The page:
New to the consulting industry, I would just like to briefly introduce myself as Claudia Onate, a recent College of Charleston graduate. I am currently a Capgemini employee, working under the Insurance Vertical, adjusting to a life of travel, learning, and being completely resilient and adaptable to whatever is thrown my way.
In this brief article I would like to share a recent life experience in relation to the topic of networking and expand upon that to discuss network generation. Upon on boarding at Capgemini, the new hire class spent a duration of 5 weeks training in one of the Chicago offices. This event occurred the second weekend of the 5 week time period.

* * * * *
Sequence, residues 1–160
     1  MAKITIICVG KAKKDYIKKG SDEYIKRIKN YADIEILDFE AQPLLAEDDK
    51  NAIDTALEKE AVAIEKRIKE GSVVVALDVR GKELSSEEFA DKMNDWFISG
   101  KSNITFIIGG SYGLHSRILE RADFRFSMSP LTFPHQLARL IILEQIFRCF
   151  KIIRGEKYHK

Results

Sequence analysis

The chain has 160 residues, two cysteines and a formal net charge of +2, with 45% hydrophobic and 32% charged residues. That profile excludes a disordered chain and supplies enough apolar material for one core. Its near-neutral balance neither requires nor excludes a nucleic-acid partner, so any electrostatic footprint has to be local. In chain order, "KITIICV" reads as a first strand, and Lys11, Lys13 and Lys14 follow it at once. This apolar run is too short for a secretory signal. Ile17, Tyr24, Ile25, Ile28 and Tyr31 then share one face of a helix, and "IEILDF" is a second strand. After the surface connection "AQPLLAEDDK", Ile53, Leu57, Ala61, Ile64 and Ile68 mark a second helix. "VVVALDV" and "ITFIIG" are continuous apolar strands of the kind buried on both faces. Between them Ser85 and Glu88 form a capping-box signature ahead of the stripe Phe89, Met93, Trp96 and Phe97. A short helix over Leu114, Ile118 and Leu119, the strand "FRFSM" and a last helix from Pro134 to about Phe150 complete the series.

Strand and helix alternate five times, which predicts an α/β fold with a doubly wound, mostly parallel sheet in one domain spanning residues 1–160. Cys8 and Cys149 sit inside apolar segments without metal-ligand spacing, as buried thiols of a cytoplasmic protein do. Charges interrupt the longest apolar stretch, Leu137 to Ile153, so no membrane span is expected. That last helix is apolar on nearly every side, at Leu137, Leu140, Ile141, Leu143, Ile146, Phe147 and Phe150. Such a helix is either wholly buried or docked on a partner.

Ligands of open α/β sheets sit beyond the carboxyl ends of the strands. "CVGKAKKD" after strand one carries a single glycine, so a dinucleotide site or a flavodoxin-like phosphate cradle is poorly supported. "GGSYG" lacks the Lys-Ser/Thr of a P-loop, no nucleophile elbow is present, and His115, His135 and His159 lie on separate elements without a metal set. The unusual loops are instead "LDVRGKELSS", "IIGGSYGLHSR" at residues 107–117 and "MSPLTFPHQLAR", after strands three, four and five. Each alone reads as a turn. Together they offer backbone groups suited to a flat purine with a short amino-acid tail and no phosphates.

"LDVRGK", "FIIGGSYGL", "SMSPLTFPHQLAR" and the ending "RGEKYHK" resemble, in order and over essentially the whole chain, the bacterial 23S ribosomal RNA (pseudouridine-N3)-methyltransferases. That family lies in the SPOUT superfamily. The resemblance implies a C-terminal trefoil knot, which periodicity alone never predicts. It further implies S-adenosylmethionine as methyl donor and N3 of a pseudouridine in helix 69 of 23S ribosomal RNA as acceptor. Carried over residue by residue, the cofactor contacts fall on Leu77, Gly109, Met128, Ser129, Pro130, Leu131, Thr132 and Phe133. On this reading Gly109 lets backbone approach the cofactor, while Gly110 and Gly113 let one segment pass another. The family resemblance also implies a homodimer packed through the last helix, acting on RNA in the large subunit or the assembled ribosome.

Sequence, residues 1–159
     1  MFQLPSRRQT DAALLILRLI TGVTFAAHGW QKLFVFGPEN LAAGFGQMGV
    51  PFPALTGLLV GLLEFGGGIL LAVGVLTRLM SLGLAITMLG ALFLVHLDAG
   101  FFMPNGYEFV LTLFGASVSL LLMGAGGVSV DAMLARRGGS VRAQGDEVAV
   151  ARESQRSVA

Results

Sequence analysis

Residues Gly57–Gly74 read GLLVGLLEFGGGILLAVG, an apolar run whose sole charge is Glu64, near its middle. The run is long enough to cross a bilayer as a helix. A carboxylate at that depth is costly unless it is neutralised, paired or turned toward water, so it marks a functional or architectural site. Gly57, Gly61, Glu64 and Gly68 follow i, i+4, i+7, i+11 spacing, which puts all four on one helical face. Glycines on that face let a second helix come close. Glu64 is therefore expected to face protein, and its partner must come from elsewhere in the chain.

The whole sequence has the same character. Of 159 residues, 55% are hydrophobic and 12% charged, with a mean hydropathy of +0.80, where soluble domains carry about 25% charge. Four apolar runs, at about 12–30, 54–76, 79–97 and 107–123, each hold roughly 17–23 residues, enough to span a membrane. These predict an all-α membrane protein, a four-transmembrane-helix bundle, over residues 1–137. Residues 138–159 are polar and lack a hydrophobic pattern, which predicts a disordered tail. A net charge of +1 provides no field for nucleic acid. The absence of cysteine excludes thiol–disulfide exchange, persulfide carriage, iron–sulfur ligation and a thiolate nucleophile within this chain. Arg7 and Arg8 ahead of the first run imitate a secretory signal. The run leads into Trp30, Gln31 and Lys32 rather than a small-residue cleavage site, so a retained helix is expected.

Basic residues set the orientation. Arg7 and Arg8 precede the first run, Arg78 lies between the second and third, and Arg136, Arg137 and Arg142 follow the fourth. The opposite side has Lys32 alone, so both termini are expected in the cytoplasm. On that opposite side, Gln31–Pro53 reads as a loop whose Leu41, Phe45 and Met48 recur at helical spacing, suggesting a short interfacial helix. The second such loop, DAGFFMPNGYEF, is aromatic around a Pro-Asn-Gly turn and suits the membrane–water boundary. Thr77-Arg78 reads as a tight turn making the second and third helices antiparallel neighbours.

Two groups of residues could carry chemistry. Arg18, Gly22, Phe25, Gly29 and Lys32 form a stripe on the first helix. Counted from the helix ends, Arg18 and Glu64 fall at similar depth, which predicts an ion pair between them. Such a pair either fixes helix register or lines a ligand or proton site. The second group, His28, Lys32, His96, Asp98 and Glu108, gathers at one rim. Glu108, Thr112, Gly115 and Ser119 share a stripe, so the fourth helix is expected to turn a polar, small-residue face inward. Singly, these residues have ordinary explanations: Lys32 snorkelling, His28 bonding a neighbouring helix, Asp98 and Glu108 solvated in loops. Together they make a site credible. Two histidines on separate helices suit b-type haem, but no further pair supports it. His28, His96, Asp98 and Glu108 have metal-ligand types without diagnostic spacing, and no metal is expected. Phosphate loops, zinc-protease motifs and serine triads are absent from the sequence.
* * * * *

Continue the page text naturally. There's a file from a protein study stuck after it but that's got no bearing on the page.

Let me set the scene for you:
Location: Cindy’s: a rooftop bar and restaurant in the heart of Chicago
Located directly across from Millennium Park, the restaurant and rooftop is hosted on the top floor of a historic building, the Chicago Athletic Association. Once a men’s club, the building was redesigned upon vacancy, still embodying a locker room gone chic feel. Perched over the iconic Chicago Bean, it offers a vibrant ambience, filled with the smell of caramelized bacon, brunch dishes and the buzz of cocktails, otherwise known at Cindy’s as elixirs and potions. The architecture and ambience, a mix of the old and the new, seen in the brick and iron work, make the crowded space seem magically intimate and homey.
What initially was intended to be a cocktail and brunch, while exploring the city, around 1pm on Sunday turned into 5 hours later– 3 new phone contacts, a lifelong friendship, and meeting Mr. Clayton Oates.
Have you ever dined at a bar, more specifically a crowded one?
Sitting at a bar entails people approaching the bar from behind you and ordering through the gaps.
— intro Clayton Oates–